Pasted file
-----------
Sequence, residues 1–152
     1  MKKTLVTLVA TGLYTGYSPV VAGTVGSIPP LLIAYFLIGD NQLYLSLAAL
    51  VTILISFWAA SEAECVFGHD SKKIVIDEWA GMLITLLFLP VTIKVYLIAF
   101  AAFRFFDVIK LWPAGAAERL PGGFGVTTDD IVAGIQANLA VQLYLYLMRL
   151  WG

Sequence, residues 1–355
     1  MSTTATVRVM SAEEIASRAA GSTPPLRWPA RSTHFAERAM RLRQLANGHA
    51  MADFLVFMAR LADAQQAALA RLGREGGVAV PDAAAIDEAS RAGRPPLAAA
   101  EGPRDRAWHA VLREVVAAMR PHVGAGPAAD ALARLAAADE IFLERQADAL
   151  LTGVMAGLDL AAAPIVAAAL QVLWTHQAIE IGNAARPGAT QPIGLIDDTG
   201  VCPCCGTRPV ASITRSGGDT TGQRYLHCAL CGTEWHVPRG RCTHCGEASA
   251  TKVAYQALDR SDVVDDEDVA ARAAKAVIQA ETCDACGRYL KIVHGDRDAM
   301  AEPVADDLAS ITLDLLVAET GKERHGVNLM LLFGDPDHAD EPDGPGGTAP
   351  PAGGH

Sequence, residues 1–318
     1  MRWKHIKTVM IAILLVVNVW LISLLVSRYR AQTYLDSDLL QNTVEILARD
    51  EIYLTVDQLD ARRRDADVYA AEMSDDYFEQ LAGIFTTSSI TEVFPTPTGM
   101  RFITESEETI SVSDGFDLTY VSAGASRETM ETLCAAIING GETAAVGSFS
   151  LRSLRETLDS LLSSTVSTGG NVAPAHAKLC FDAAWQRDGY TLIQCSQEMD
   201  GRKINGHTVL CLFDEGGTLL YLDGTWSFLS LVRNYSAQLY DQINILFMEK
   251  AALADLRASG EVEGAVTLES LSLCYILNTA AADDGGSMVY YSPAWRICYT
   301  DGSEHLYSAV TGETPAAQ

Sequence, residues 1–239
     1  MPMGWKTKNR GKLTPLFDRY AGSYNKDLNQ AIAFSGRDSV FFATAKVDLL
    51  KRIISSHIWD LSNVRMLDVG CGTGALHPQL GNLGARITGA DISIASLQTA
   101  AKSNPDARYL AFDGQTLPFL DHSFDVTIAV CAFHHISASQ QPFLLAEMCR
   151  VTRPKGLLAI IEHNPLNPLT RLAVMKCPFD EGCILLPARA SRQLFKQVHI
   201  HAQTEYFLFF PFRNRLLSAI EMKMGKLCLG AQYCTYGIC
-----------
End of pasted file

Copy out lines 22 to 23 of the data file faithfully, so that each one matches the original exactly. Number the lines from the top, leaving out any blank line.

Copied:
   301  DGSEHLYSAV TGETPAAQ

Sequence, residues 1–239